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He listened at the porch that day,

To hear the wheel go on, and on;
And then it stopped, ran back away,

While through the door he brought the sun.
But now my spinning is all done.

He sate beside me, with an oath

That love ne’er ended, once begun :
I smiled—believing for us both,

What was the truth for only one.
And now my spinning is all done.

My mother cursed me that I heard

A young man's wooing as I spun:
Thanks, cruel mother, for that word,-

For I have, since, a harder known!
And now my spinning is all done.


I thought-o God !—my first-born's cry

Both voices to mine ear would drown: I listened in mine agony

It was the silence made me groan!
And now my spinning is all done.

Bury me 'twixt my mother's grave,

(Who cursed me on her death-bed lone) And my dead baby's (God it save !)

Who, not to bless me, would not moan.
And now my spinning is all done.


A stone upon my heart and head,

But no name written on the stone!
Sweet neighbours, whisper low instead,

* This sinner was a loving one-
And now her spinning is all done.'


And let the door ajar remain,

In case he should pass by anon;
And leave the wheel out very plain,-

That He, when passing in the sun,
May see the spinning is all done.


Five months ago, the stream did flow,

The lilies bloomed within the sedge,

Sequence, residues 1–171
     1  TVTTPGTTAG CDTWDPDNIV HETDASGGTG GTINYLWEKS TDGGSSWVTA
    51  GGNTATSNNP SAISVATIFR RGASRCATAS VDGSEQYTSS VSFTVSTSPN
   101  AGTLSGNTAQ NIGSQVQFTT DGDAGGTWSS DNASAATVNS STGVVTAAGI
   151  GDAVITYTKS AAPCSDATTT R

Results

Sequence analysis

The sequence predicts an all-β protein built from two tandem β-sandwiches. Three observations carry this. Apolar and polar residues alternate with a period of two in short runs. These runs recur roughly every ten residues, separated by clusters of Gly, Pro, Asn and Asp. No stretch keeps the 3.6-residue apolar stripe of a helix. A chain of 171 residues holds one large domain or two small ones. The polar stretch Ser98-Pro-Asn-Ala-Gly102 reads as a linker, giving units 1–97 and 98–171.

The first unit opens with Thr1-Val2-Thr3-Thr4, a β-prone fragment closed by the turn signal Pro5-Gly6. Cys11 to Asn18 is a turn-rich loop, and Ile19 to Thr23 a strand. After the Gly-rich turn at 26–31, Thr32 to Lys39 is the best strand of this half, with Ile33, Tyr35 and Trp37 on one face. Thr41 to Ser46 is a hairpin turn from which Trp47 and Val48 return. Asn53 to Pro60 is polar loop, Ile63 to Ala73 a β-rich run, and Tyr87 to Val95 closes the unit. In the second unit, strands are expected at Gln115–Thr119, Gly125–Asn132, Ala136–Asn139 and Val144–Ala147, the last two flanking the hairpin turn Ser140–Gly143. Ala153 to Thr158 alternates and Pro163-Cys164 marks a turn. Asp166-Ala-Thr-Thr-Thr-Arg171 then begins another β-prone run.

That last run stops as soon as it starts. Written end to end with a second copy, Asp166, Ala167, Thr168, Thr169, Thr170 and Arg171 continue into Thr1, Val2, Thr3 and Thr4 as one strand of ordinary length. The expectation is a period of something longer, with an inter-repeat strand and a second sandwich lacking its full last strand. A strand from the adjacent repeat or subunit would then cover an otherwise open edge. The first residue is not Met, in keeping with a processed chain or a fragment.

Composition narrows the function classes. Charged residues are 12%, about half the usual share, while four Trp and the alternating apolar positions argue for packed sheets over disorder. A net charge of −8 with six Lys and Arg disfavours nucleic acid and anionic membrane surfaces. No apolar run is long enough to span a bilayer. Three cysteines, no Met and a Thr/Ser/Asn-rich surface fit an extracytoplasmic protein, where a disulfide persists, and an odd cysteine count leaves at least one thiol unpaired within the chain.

And we were lingering to and fro,
Where none will track thee in this snow,

Along the stream, beside the hedge.
Ah, Sweet, be free to love and go!

For if I do not hear thy foot,
The frozen river is as mute,
The flowers have dried down to the root:
And why, since these be changed since May,

Shouldst thou change less than they?

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And slow, slow as the winter snow,

The tears bave drifted to mine eyes; And my poor cheeks, five months ago Set blushing at thy praises so,

Put paleness on for a disguise. VOL. III.

Ah, Sweet, be free to praise and go!

For if my face is turned too pale,
It was thine oath that first did fail, –
It was thy love proved false and frail:
And why, since these be changed enow,

Should I change less than thou ?


I STAND by the river where both of us stood,
And there is but one shadow to darken the flood;
And the path leading to it, where both used to pass,
Has the step but of one, to take dew from the grass,–

One forlorn since that day.

The flowers of the margin are many to see;
None stoops at my bidding to pluck them for me.
The bird in the alder sings loudly and long,-
My low sound of weeping disturbs not his song,

As thy vow did, that day.


I stand by the river, I think of the vow;
Oh, calm as the place is, vow-breaker, be thou !
I leave the flower growing, the bird unreproved ;
Would I trouble thee rather than them, my beloved, -

And my lover that day?

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